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Beef Jerky
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Recipes

Jerky



Jerky is a quick and practical way of preserving caribou, moose or other game meat. It can be carried along on trips to eat uncooked,
or it can be cut into paper thin slices and boiled, or added to a milk sauce and served on hot biscuits.

 Sun Dried Jerky

Cut fresh meat into long thin strips, one inch wide. Rub strips with garlic or salt if desired. Dry in the sun as quickly as possible by
hanging over a line. Do not let the strips touch. Store in a dry place in clean jars or baggies.

 Cold Brined Jerky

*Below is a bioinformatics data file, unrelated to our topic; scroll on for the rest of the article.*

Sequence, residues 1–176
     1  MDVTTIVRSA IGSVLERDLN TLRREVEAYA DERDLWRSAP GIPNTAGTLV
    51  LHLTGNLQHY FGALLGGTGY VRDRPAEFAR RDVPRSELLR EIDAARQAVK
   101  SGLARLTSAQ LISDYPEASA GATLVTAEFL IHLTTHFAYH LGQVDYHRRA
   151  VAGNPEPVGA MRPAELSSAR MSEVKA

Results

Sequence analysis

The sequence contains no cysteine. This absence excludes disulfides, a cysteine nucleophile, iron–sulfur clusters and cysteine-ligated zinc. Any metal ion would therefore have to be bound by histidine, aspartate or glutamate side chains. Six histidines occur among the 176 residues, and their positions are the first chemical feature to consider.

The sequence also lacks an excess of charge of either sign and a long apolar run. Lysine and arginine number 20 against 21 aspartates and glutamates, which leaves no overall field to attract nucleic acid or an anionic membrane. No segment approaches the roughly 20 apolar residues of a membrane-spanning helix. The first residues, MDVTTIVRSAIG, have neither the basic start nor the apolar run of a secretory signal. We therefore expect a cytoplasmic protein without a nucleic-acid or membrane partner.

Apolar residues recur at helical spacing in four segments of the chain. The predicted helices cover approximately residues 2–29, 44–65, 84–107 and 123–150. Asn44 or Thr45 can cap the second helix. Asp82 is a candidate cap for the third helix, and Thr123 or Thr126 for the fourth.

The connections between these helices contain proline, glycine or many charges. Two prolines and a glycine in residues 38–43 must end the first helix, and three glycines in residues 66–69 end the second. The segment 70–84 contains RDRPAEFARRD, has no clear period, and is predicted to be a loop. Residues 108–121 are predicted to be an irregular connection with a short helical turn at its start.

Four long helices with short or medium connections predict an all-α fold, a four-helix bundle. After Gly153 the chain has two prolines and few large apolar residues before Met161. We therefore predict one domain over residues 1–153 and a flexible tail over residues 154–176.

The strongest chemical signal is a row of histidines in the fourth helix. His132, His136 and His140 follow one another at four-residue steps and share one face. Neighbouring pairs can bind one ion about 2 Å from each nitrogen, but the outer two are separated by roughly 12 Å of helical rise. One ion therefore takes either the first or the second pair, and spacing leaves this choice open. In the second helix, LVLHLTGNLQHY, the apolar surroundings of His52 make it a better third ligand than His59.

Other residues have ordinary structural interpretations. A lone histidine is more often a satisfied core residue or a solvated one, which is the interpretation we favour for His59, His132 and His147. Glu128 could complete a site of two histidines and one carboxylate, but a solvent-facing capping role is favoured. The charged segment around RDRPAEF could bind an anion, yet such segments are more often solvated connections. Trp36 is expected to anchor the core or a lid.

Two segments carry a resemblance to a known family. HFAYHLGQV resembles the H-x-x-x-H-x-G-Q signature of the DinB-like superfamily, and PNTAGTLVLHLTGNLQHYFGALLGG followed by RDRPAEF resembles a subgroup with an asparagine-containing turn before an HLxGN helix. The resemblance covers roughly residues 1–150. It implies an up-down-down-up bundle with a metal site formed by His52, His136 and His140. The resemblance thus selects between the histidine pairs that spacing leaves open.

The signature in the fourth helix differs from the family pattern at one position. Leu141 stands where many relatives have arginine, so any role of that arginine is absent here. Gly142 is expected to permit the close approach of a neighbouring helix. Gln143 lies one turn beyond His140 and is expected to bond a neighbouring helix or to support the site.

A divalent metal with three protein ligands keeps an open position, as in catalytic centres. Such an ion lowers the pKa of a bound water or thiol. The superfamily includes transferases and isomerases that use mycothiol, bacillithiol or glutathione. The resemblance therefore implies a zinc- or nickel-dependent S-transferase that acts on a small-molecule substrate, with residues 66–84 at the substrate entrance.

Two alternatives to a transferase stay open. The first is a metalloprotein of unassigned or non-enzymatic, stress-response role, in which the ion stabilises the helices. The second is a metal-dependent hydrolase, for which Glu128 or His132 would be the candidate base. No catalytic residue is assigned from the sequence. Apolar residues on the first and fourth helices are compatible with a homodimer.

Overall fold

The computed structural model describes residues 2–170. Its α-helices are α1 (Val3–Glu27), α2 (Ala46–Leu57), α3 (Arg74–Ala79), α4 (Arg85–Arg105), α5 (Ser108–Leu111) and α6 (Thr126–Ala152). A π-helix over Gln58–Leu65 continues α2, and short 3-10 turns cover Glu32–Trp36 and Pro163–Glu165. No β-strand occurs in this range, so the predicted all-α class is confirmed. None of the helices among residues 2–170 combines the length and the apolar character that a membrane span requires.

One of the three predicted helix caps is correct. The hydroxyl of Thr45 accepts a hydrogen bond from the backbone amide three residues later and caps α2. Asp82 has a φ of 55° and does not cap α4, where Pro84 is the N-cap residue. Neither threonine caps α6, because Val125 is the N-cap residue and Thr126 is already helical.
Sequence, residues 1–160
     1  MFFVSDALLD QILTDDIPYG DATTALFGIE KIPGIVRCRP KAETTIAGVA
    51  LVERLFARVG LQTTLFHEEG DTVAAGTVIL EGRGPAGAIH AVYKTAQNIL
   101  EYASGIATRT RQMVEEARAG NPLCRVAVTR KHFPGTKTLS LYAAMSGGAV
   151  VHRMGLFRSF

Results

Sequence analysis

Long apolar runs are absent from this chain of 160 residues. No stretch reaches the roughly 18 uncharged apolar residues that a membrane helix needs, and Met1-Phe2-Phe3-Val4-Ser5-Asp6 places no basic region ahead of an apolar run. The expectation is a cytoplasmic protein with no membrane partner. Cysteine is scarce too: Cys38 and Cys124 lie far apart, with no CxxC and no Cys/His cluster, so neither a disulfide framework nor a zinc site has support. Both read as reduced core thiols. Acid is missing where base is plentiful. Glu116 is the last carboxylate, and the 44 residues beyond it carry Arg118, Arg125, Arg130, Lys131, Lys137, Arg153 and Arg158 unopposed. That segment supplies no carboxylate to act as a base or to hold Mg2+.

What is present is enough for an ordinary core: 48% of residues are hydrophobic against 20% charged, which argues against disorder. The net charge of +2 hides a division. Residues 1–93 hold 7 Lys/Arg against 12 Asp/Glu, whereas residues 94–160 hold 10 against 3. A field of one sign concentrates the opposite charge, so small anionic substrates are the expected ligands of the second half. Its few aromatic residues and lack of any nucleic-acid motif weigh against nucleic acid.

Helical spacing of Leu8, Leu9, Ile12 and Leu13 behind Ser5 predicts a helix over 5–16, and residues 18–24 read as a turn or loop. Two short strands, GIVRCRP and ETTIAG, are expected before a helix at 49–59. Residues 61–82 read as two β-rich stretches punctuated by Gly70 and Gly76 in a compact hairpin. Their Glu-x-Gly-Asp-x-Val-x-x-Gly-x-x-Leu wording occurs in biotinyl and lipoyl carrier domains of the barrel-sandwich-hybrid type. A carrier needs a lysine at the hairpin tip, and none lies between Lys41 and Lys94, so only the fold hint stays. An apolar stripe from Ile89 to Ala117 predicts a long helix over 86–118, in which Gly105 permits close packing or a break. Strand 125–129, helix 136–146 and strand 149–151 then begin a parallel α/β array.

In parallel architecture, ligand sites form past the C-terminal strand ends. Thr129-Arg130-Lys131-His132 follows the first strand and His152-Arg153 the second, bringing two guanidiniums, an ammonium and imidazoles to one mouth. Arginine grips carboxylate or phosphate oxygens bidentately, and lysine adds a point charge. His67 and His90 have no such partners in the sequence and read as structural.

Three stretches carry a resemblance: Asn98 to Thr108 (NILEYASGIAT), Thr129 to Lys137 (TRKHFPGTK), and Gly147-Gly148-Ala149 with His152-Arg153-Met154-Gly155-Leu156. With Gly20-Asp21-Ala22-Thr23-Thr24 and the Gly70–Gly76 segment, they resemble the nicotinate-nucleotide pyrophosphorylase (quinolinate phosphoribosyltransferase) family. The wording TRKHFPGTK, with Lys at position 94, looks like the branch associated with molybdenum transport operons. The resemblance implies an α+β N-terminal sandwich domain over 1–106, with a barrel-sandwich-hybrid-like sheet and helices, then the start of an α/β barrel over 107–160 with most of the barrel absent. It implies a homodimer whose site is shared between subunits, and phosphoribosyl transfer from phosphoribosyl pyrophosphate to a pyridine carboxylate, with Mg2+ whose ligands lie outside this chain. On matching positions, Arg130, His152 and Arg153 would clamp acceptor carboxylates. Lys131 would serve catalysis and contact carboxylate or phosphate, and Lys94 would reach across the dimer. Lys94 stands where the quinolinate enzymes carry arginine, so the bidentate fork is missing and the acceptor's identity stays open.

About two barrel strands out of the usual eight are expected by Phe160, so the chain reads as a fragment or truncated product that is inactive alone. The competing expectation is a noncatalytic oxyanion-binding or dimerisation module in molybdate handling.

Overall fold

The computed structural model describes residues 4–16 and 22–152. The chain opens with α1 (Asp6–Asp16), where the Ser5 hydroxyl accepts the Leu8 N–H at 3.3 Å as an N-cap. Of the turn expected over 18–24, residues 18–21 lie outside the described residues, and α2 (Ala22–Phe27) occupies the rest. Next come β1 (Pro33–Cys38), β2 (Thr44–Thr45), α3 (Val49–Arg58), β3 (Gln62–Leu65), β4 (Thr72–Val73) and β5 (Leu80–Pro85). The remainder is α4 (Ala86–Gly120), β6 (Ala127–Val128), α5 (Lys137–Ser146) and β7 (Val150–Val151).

Cut meat lengthwise to the grain into strips an inch thick, about 1 inches wide, and as long as you can make them.
Put the strips into a wooden barrel or non-metallic container and cover with a sweet pickle brine or corning solution for three days.
Hang the meat over a line to drip for 24 hours in a dry place indoors.
Do not let the strips touch. The jerky will continue to dry as long as it is exposed to the air, therefore it should taken down and
put away in an air-tight as soon as it is dried to your liking. A light smoke will add to the flavour and help preserve the meat.

 Hot Brined Jerky

Hot brined is made in much the same way, except that the meat is cut into finer strips like shoe-string potatoes, and salted in a hot brine.
The hot solution is made by adding salt to the boiling water until no more can be dissolved. Dip strips into the hot brine until they turn white,
which will take about 5 minutes. Then string them up to dry and handle the same way as cold brined jerky.